You’ve read it a million times. The heroine (or hero) has no memory of who she is. No name. No remembered family. No past. Amnesia, says the doctor. And the story takes off. She (or he) attempts to recover her name. Her family. Her past. A little frightened and a lot intrigued, you are hooked.
You’ve read it so many times, it’s entertaining but not surprising. However, reality might surprise you.
Over the last month we’ve been talking about memory. In my post “What Do You Remember and How” you learned about the study of memory, the stages of memory, and the types of memory. “Do You Have a Terrible Memory?” discussed why you forget, the types of forgetting, and what normal forgetting is. You also learned that there were two umbrella terms that describe abnormal types of forgetting: Amnesia and Dementia.
You may be like me. You’ve read so many stories and seen so many movies or television shows whose characters suffered amnesia that you think you understand what it is. You could be wrong.
Do You Know What It Is?
Amnesia is total or partial loss of the ability to recall experiences or events that happened in the preceding few seconds, in the preceding few days, or further back in time.MerckManuals.com
You knew that, right? After all, that’s what the big and little screen and novels say. But did you know that people with amnesia rarely forget their name and their motor skills? Remember, I said memory is complex? So is forgetting.
What Causes Amnesia?
That’s a huge subject. Because we store our memories in bits and pieces throughout our brains, damage to any part of the brain can cause one or another form of amnesia. The list of things that can damage your brain is a little frightening.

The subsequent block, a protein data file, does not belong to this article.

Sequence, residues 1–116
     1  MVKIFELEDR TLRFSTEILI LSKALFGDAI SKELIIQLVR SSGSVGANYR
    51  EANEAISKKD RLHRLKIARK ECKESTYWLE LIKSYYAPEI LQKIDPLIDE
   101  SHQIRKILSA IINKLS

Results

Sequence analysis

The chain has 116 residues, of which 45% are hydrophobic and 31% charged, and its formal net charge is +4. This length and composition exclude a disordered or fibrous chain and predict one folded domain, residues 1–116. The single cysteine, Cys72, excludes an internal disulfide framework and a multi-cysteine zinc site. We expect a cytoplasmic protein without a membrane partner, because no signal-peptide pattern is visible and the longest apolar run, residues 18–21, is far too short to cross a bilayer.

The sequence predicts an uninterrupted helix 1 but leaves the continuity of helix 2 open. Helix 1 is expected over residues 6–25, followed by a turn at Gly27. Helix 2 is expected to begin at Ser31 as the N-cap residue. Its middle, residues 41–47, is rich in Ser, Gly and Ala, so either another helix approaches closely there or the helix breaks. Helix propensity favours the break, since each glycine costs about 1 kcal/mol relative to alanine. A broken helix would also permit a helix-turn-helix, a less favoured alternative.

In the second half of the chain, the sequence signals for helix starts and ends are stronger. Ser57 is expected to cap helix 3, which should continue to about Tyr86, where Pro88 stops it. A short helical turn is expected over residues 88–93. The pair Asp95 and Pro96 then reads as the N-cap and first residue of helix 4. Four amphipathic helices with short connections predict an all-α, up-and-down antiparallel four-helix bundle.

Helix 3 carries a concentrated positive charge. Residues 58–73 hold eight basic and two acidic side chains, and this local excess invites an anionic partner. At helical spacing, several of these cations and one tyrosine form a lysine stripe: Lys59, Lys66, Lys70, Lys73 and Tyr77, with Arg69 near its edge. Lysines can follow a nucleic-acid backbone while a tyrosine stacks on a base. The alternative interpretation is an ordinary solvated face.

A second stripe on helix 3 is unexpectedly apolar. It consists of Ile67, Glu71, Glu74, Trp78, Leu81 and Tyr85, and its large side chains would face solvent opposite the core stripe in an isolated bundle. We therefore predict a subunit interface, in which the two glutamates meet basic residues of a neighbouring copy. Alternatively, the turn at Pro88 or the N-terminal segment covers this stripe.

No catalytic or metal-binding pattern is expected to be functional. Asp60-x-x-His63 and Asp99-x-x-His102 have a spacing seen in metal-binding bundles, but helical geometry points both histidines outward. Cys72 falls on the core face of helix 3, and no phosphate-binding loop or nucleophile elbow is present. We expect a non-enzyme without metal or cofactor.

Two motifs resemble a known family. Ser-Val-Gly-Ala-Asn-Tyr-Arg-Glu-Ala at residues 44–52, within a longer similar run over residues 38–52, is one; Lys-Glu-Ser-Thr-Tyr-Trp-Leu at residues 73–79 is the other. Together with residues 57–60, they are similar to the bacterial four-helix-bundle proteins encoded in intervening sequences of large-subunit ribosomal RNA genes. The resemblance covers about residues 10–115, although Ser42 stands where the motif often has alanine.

- A nutritional disorder, particularly thiamin deficiency
- A severe head injury that affects the brain, a concussion or severe trauma (mild head injuries rarely cause permanent amnesia)
- Disorders that reduce the supply of blood or nutrients to the brain (including strokes and cardiac arrest)
- A brain infection (encephalitis)
- Disorders that reduce the supply of blood, oxygen, or nutrients to the brain)
- Alcohol abuse (both short term and chronic forms of alcohol abuse can cause amnesia)
- A brain tumor
- Severe mental stress, such as an emotional shock or trauma from physical or sexual abuse, or being the victim or witness of a violent crime
- Use of certain drugs, such as some antidepressants, muscle relaxants, or opioids, and amphotericin B or lithium
- Degenerative brain diseases, such as Alzheimer’s disease and other forms of dementia
- Electroconvulsive therapy
- Damage to the thalamus or hippocampus (parts of the brain and limbic system responsible for memory)
The Five Types of Amnesia
Retrograde Amnesia—In this type of forgetting, you lose existing memories. Typically, it affects your most recent memories first.
Anterograde Amnesia—with this kind of memory loss you cannot form new memories such as during an alcoholic or drug-induced blackout.
Transient Global Amnesia (TGA)—is an abrupt onset of anterograde amnesia that lasts from one to eight hours and affects people ages 40 to 80 years of age (average age is 61). Read more about TGA here.